Skip to main content

PhD Program

Students and faculty in the Program are committed to working toward deeper understanding of scientific knowledge in its full cultural and historical context. The Program offers students an opportunity to integrate the perspectives developed within the anthropology of science, communication of science, history of science, sociology of science, and philosophy of science, while receiving a thorough training at the professional level in one of those disciplines.

For further information, download the 2021-2022 Graduate Student Handbook (PDF). 

Outline of Study

Students enrolled in the Program choose one of the five disciplines -- Anthropology, Communication, History, Philosophy, or Sociology -- for their major field of specialist studies, and are required to complete minor field requirements in the others. The core of the Program, however, is a sequence of courses in Science Studies, led by faculty from all five participating Departments.

The academic year at UC San Diego runs from mid-September to mid-June. Formal teaching is given in three "quarters," each ten weeks in length.

Science Studies students, like other graduate students at UC San Diego, generally spend their first two or three years taking courses for credit. Most graduate courses in Science Studies take the form of small group seminars or independent study under the guidance of a faculty member. Most courses are graded primarily on the basis of written papers or essays, which may entail substantial reading and research. Not uncommon, such papers become the basis for chapters of the student's dissertation, or for articles that are later submitted for publication.

Students are normally expected to take three courses per quarter, or a total (spread over at least two years) of eighteen courses. Precise specifications of required courses differ among the Departments participating in the Science Studies Program; details are given in the respective Departments' guides to graduate study. In addition to those taken for credit, students may audit further courses (i.e. participate without being examined or graded). After completing coursework and other departmental requirements, the student prepares a Dissertation Prospectus in consultation with his or her advisor, setting out a description and justification of the proposed research, and an outline of its argument and presentation. The student is then examined orally on the prospectus, by a doctoral committee consisting of faculty from the student's "home" and other departments. Once the prospectus has been approved, the student is formally advanced to candidacy, and can work full-time on the research (insofar as other commitments allow). When the dissertation is completed, it is examined by the doctoral committee, which recommends whether the Ph.D. degree should be awarded.


The Program faculty recommend that students in Science Studies, whichever their "home" Department, should have first-hand experience of scientific practice as part of their graduate studies. Internships might include a period of work in a scientific laboratory, a science museum or archive, participation in scientific fieldwork or an expedition, working at a preservation laboratory, hospital, regulatory agency, etc. A report from the internship is part of the basis for grading and evaluation in the program. Program faculty mentors assist students by helping them plan their internships and by using their contacts in scientific departments at UC San Diego or elsewhere. Students are encouraged to contact the program director or relevant faculty for details.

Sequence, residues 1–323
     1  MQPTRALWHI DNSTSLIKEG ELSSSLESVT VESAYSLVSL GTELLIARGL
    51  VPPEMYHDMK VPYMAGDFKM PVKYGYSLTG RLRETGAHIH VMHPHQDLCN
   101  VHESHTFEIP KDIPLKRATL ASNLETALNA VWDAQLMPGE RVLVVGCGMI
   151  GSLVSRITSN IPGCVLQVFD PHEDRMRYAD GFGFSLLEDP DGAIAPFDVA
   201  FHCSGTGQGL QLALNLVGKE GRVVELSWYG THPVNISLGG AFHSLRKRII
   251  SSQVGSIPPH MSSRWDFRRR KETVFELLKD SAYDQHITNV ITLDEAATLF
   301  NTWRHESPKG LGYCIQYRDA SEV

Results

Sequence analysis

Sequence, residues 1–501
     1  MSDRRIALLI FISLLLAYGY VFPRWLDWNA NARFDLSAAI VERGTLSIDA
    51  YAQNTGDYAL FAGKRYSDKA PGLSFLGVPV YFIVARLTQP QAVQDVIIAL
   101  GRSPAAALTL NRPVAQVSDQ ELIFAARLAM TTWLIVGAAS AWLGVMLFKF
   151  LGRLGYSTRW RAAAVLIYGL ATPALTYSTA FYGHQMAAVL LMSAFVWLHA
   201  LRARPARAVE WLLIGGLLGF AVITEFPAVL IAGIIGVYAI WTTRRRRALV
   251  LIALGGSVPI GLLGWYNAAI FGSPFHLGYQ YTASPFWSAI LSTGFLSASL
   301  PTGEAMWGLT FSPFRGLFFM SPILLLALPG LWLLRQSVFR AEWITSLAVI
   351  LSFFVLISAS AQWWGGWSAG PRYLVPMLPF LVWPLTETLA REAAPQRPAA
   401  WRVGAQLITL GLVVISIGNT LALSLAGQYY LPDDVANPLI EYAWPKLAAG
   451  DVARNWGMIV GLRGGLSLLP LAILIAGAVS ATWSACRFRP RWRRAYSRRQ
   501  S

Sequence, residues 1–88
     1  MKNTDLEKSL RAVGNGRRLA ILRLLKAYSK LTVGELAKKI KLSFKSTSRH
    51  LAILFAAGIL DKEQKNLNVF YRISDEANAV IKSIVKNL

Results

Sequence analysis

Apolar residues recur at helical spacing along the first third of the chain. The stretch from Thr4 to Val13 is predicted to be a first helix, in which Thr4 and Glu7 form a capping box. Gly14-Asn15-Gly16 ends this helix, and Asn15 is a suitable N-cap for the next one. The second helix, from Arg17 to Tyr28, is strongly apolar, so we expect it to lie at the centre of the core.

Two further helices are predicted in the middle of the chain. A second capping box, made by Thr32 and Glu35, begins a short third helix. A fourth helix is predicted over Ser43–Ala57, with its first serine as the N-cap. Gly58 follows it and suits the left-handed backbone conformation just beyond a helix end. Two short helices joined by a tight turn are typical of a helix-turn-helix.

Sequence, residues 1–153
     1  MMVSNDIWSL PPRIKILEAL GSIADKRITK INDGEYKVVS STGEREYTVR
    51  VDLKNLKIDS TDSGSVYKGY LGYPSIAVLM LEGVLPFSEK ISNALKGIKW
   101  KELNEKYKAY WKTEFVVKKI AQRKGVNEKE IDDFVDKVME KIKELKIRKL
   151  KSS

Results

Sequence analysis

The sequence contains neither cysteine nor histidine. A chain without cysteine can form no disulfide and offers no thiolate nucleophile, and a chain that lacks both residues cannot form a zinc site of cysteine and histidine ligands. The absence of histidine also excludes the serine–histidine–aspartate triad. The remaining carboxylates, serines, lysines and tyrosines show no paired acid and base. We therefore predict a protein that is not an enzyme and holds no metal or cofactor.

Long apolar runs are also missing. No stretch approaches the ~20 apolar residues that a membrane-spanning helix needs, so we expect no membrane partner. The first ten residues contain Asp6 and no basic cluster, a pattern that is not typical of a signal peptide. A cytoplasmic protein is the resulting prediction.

Students who, before enrolling in the Program, have had substantial practical experience in some aspects of scientific work may apply for a waiver of the requirement to undertake an internship, but will still be required to write a report reflecting on that earlier experience.

Language Requirements

All students enrolled in the Program are encouraged to equip themselves with linguistic skills sufficient to ensure that their choice of topics for research is not adversely restricted to those in which all the relevant literature is in English. For many students in Science Studies this will entail having, or acquiring, a reading knowledge of at least one language other than English.

Students enrolled in the Departments of Communication and History are required to demonstrate a basic reading competence in one language other than English, before advancing to candidacy; details about how this may be fulfilled are given in the Department al Graduate Handbook. The choice of language must be approved by the student's advisor, and must be clearly relevant to the prospective field of research. Students whose native language fulfills that condition may apply for the language requirement to be waived. Conversely, a student's advisor may set a requirement of more than one language other than English, if the proposed field of the dissertation makes that desirable.

Students enrolled in the Department of Philosophy are required to demonstrate reading proficiency in either German, French, Latin or Classical Greek. Competence in a second language may be required if, in the judgment of the student's advisor, the proposed dissertation topic makes that desirable. The language requirement must be met before the student can advance to candidacy.